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Suresh K. Bhavnani, Ph.D., Network Analysis of Toxic Chemicals and Symptoms: Implications for Designing Effective First-Responder Systems

Abstract

The rapid and accurate identification of toxic chemicals is critical for saving lives in emergency situations. However, first-responder systems such as WISER typically require a large number of inputs before a chemical can be identified. Dr. Bhavnani will discuss how his team addressed this problem by using network visualizations and associated quantitative methods to analyze the complex relationship between toxic chemicals and their symptoms. These results helped to identify regularities related to symptom co-occurrence and explain why current approaches require a large number of inputs. Based on this understanding, Dr. Bhavnani and his colleagues designed and developed a first-responder system to help rapidly identify toxic chemicals in emergency situations. He concludes by showing how they have used the above methodology to analyze other biomedical datasets (e.g., cancer patients and symptoms, renal diseases and genes) leading to general approaches for analyzing co-occurrence in biomedical datasets, and for symptom management.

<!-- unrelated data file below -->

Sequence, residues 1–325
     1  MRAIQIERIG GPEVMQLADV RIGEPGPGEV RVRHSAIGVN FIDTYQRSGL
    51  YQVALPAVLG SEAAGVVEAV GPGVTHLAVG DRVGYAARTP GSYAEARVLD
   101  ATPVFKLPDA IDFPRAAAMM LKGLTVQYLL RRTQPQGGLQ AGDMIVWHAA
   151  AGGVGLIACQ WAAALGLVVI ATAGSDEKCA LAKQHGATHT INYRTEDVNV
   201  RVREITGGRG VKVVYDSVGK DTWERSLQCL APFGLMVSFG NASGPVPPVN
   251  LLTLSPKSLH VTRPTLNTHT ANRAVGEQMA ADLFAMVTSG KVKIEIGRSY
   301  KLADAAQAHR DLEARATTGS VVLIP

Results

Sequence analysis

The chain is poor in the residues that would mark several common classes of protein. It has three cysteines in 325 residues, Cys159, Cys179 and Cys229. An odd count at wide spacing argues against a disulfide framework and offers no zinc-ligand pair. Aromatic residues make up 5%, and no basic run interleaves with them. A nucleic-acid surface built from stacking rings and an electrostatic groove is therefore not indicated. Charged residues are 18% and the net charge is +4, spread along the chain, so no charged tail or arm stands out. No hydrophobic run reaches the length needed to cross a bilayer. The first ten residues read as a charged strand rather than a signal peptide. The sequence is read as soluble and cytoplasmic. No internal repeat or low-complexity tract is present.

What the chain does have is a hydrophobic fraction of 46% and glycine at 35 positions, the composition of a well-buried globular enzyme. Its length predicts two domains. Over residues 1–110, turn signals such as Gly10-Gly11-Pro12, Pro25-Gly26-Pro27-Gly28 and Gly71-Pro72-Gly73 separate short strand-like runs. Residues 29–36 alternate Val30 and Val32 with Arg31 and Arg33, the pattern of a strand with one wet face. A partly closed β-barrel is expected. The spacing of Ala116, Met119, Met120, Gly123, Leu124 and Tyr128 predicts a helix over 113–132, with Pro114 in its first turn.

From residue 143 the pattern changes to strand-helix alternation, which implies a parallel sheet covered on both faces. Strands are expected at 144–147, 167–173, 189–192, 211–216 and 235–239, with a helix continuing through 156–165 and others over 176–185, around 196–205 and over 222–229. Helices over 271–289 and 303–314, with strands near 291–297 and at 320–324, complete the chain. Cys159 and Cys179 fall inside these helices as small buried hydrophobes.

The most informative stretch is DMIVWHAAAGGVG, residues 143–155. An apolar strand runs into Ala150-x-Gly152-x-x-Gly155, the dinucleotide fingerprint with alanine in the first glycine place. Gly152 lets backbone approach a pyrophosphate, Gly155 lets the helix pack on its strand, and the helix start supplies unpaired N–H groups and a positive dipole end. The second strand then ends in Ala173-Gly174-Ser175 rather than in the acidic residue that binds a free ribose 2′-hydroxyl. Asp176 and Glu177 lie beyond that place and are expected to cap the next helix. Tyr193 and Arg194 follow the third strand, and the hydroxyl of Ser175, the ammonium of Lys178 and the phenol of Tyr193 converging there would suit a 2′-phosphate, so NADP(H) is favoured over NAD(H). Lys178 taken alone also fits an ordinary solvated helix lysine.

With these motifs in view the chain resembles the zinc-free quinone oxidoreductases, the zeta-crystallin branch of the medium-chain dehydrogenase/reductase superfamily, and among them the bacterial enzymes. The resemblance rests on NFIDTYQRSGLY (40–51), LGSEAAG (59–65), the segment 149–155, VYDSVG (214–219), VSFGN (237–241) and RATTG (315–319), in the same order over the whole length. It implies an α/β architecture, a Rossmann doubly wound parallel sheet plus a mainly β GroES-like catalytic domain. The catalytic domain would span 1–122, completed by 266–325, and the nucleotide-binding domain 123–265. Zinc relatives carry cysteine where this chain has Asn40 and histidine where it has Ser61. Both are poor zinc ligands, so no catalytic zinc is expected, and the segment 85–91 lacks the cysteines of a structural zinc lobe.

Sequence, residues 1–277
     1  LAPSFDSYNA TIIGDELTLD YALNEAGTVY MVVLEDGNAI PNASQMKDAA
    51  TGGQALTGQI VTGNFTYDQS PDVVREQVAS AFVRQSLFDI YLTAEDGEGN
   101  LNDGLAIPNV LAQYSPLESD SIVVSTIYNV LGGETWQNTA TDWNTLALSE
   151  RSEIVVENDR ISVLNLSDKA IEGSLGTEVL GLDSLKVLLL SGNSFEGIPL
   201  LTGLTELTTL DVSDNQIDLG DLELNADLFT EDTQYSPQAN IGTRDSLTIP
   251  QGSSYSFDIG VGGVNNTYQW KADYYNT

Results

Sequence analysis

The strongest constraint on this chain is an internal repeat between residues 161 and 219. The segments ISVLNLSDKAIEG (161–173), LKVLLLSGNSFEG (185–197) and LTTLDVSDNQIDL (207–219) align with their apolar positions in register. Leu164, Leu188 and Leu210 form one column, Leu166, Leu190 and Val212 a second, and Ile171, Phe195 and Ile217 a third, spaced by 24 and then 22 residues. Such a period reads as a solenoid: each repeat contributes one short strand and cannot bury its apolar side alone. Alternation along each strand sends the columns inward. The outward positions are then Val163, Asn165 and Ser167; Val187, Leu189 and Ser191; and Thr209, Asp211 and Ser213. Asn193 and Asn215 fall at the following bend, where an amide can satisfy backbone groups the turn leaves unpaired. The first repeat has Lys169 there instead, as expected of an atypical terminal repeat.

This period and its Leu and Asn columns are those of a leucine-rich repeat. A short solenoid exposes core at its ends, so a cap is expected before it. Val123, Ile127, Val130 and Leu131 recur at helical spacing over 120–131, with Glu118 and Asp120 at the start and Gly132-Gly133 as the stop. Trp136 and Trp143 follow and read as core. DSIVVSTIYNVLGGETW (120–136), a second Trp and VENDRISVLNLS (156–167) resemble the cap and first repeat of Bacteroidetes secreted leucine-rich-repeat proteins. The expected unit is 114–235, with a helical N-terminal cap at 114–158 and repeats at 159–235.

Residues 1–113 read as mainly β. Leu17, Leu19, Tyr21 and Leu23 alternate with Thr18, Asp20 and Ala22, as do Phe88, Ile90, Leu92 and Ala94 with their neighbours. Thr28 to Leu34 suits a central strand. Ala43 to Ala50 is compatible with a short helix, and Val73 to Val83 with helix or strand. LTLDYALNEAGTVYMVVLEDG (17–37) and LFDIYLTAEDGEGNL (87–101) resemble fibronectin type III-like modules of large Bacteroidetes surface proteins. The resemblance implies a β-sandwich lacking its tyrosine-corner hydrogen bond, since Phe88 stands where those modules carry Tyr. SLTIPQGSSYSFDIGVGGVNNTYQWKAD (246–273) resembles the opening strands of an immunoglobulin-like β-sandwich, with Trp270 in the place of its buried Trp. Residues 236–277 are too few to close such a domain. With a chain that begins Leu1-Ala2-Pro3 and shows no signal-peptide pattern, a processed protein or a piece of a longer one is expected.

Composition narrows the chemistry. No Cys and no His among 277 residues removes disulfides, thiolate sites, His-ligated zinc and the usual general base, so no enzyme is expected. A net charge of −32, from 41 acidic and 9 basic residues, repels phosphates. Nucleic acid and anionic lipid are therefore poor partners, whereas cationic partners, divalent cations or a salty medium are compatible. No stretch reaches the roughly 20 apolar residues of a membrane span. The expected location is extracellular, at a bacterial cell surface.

Biography

Suresh K. Bhavnani holds a PhD in Computational Design and Human-Computer Interaction from Carnegie Mellon University and is currently a Research Assistant Professor in the Center of Computational Medicine and Bioinformatics at the University of Michigan Medical School. His current research focuses on developing effective biomedical applications based on the network analysis and visualization of biomedical datasets, and the analysis of user needs. His research has been selected as a distinguished paper, and an outstanding paper by the American Medical Informatics Association, and his student advising has received an outstanding research mentorship award from the Undergraduate Research Opportunity Program at the University of Michigan. His current research is funded by NIH/CTSA, and his prior work has been funded by NSF and Microsoft.